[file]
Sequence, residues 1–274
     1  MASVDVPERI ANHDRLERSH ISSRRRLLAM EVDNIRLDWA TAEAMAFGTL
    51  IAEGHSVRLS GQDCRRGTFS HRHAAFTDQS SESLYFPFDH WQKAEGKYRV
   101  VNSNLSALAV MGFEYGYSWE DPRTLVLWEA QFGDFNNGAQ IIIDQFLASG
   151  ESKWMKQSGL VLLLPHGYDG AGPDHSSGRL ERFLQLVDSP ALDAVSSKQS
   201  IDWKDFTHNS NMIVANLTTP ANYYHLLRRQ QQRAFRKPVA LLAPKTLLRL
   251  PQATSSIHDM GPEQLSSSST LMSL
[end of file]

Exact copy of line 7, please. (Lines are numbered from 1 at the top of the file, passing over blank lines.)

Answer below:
   251  PQATSSIHDM GPEQLSSSST LMSL